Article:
You know the great thing about Antiques Roadshow? Aside from finding out that grandma’s ugly ceramic cat collection can actually bankroll a Caribbean cruise. It’s the idea that maybe; just maybe somewhere in our lives there are things that, with a little bit of lemon pledge and a new coat of paint, could actually become highly valuable.
The same thing might be true of your website.
The idea of creating great content for links isn’t new; Eric Ward was defining linkable content 8 years ago. More recently, Garrett French made a killer blue print for how to conceive, create and promote linkable content. Moreover, on Search Engine Journal, Loren Baker has educated readers on the importance of building natural links to interesting and relevant content & Ann Smarty has written about attracting links with HOW TO content.
So why are there so many sites that still aren’t buying in?
Maybe the idea of creating a library or searchable database is too daunting? Maybe in-depth research coupled with the time and effort required to create and market great content just seems like too much work. But unless a site features a billion-dollar brand name, funny pictures of cats or the contents of Lindsey’s Lohan’s trash, people probably aren’t throwing links at it. So what’s a small commercial site to do?
I say, grab a dust rag, head into the basement and see what you already have that, with a few creative modifications, can be turned into something brand new.
1. Product Pages
Most product pages are not particularly linkable. They have prices, specs, not a lot of content and are often buried on dynamic URL’s somewhere in the bowels of a website. But a product page can actually be made into a link magnet.
It helps to have a product which is truly unique, new, funny, dirt cheap or flat-out phenomenal. Take Baconsalt’s Bacon flavored envelopes a totally random but amusing concept. And the product page has picked up about 65 backlinks. Not too shabby, for paper that tastes like processed pork.
The best way to make product pages more linkable is to pick 1 or 2 products at a time and focus on those. If your products are usually presented on dynamic URL’s create new static pages with unique content for promoting your “featured products”. This will help you pass the most link power and avoid canonical issues.
The next step is to tell people about it. Yeah, you could use a press release or an email blast, but blanket communication tends to get ignored and the attention from a press release will likely be marginal at best. You’re better off talking to people on a one to one basis. With a focus on only a couple of products you can spend more time finding people who have written about or linked to similar items. Contact bloggers in your niche, who you genuinely believe would take interest in what you are offering. This doesn’t translate to paying for a blog review or going on a comment spamming spree. This is about research and trying to appeal to people as human beings. Sure, that takes time but then, all good link building does.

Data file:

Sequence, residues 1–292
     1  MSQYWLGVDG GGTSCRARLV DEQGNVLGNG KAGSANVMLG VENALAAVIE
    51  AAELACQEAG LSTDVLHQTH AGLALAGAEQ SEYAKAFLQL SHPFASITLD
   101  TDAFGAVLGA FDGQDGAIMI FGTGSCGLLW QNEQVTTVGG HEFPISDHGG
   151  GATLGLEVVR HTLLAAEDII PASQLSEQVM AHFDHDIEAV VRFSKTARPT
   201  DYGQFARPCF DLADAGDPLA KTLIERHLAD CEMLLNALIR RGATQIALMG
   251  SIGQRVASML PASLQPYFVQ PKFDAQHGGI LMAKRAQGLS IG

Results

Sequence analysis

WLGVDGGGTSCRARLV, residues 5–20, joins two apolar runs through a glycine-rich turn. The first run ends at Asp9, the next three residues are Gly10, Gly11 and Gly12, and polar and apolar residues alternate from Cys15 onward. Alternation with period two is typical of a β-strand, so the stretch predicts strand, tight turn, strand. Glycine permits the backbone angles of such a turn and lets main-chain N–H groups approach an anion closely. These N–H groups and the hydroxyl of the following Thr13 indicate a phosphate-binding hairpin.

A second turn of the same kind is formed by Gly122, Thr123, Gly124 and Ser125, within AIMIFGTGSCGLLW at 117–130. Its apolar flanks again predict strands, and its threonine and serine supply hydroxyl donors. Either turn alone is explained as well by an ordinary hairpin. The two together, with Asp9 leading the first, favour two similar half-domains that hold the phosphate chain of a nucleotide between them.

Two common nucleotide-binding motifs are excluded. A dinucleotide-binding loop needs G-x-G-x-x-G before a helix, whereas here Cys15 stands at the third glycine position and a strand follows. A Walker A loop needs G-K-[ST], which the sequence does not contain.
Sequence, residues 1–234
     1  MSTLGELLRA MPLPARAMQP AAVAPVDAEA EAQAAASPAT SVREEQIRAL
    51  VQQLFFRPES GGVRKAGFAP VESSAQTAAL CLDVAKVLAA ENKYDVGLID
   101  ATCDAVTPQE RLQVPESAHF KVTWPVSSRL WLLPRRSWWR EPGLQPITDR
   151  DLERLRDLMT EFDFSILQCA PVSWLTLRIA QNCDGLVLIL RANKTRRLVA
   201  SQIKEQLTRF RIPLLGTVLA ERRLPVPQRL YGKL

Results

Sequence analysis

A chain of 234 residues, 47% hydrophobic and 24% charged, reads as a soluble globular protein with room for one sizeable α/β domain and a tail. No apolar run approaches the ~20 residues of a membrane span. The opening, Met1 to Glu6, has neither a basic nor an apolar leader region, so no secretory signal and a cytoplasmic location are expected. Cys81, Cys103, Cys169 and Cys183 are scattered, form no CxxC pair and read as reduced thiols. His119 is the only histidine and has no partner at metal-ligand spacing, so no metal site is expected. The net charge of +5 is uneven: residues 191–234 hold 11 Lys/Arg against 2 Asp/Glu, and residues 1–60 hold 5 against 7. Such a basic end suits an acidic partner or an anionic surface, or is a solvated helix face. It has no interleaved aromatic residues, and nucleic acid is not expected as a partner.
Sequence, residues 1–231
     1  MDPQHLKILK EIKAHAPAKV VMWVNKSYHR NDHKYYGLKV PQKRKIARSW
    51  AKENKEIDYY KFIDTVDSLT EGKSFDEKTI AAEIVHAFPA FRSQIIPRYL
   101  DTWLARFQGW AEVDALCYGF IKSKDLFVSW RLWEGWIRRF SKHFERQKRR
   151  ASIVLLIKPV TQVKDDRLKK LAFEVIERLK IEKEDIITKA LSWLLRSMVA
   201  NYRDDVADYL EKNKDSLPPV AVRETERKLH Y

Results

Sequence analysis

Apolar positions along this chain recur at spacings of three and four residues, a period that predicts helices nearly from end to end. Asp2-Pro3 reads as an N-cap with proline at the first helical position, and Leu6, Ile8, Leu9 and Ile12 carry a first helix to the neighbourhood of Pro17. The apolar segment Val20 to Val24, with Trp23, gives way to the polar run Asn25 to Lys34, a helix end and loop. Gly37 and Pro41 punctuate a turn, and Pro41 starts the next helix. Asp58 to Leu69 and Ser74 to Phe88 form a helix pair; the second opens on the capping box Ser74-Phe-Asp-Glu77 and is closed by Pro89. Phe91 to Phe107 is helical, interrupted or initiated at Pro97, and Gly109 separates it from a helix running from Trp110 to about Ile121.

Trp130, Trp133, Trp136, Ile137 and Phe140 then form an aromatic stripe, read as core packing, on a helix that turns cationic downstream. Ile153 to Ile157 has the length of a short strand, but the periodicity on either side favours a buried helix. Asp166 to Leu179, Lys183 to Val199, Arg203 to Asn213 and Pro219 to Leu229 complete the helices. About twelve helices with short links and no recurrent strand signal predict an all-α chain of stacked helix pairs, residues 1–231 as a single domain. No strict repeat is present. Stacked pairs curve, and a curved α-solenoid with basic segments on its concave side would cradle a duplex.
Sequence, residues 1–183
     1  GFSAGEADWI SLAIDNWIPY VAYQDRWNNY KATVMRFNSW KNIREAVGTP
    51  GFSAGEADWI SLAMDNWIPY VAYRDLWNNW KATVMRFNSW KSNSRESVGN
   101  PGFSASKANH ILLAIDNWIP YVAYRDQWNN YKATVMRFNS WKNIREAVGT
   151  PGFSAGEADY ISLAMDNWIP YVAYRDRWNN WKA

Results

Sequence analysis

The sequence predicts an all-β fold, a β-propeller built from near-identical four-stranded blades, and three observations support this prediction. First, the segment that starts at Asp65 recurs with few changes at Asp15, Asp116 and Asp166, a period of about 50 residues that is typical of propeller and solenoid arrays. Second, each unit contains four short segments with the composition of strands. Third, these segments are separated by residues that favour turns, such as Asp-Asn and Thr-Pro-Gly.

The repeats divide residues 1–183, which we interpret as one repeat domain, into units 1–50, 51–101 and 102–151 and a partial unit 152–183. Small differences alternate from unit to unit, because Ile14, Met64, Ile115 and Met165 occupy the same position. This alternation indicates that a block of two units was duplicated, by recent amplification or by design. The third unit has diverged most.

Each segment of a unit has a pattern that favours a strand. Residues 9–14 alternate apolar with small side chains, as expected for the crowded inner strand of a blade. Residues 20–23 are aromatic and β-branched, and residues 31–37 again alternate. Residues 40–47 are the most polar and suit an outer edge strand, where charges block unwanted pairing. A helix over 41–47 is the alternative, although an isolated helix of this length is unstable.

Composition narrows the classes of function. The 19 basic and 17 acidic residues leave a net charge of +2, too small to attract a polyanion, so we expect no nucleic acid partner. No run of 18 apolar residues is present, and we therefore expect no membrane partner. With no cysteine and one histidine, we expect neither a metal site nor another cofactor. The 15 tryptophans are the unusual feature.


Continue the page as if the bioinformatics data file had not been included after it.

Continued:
2. About Us/ Company News
Unless you’re McDonalds and your company news is that you’ve merged with GM to build a car that runs on special sauce, people probably don’t care. If you have a company blog which is filled with internal news about products, policies or staff changes is it any wonder there are no comments? It’s not exactly what you’d call engaging. And if your “About Us” page reads like the offspring of your resume and your sales guy there’s not much chance anyone wants to link to that either.
Company news which actually impacts people outside the company can definitely be linkable. For example, acts of charity matter to the people who benefit from them. Contests can matter to the people who are eligible for them. Company Awards are also a viable option. (Not your company’s many accolades though; no one really cares about those, at least not link-wise). However people may care what awards you’re giving out… see the difference? Try giving recognition to websites within your industry for their efforts, not competitors if you can avoid it, but quality blogs, hobby sites or informational networks. It doesn’t hurt if “recognition” comes in the form of a badge with a back link to you. If you’ve been thinking about getting involved in charitable work as a company, why not find a charity that has a worthy cause and a website where they acknowledge benefactors?
Also, think about your company’s evolution…not the glossy plastic rhetoric, your real story. If you have a company profile which is a tale of triumph in adversity, then tell it! If your CEO was once homeless, that’s loaded with human interest. Sure professionalism is important, but never underestimate the power of heartwarming narrative or the number of people who might be interested in a true-life success story.